Leptoconus newtoni (Harris, 1897)
Protoconch small, composed of two and a half smooth turns, indistinctly striated with growth-lines anteriorly ; posterior portion slightly oblique with reference to the axis of the shell. Spire elevated, acute, convex, about one-sixth the total length of the shell ; spire-whorls seven in number, staged, excavated, spiral lineations bold and continuous, growth-lines prominent, sinuated. Keel sharp and plain, not being crenulated even in the brephic stage. Body-whorl elongate, ornamented throughout its length by distant spiral sulcations which are punctated where crossed by the lines of growth. Aperture long and narrow ; outer margin thin and arched ; posterior sinus very deep ; anteriorly the aperture is somewhat dilated and the columella is slightly twisted (1).
The elongation and narrowness of the body-whorl are distinctive features. Its nearest ally in the Australian Tertiaries is C. extenuatus (Tate, 1890) which, however, is broader, whilst its body-whorl is not so long, its periphery is not so sharply keeled, the earlier whorls are crenulated, and the ornamentation of the spire differs. C. newtoni closely resembles C. sieboldi (Reeve) (1)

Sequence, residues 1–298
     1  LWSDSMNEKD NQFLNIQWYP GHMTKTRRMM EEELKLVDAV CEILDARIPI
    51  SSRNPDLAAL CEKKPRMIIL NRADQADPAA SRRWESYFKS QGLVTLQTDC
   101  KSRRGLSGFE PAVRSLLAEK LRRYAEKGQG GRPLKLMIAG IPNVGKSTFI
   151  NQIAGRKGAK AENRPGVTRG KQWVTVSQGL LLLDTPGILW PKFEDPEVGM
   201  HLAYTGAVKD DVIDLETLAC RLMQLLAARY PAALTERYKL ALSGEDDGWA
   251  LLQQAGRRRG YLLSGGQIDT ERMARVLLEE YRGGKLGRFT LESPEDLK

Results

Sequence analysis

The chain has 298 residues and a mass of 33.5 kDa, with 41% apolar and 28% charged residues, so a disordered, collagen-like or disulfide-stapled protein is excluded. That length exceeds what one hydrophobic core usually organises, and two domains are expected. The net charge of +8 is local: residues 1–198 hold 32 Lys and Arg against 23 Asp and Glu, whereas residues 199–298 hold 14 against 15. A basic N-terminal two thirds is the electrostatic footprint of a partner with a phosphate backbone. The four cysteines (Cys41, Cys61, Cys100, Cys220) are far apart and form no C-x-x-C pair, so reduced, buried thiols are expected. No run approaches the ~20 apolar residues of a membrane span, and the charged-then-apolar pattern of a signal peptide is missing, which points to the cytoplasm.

Characteristic gastropod of the Mediterranean-Iranian Province is, among many others, Conus (Leptoconus) diversiformis (2).
Widespread species which are recorded from both provinces and are therefore diagnostic (typical) of the entire Western Tethys Region are Conus diversiformis Deshayes, Conus carcarensis Sacco (2).